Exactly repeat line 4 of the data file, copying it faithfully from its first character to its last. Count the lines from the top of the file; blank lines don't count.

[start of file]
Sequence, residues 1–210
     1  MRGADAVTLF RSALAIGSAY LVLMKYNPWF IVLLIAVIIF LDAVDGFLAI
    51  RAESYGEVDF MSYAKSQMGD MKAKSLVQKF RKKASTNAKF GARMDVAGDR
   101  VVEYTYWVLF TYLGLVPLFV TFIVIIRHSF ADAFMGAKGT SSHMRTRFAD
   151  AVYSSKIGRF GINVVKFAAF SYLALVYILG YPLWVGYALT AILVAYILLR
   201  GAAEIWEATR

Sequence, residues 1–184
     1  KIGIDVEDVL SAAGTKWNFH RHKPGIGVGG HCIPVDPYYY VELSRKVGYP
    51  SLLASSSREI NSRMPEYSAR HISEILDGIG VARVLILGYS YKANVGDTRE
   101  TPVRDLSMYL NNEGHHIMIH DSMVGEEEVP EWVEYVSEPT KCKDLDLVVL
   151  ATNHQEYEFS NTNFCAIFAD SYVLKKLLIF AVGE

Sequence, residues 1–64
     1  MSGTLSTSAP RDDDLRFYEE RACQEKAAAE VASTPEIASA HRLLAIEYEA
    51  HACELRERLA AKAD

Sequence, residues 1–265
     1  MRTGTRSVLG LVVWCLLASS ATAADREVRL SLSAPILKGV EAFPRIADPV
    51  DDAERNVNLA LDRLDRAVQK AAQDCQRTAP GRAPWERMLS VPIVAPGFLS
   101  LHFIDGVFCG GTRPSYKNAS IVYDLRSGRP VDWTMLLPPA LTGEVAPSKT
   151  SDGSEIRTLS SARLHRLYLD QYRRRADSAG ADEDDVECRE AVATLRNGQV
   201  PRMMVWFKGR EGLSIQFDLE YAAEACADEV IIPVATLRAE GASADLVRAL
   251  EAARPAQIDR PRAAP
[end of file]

   101  VVEYTYWVLF TYLGLVPLFV TFIVIIRHSF ADAFMGAKGT SSHMRTRFAD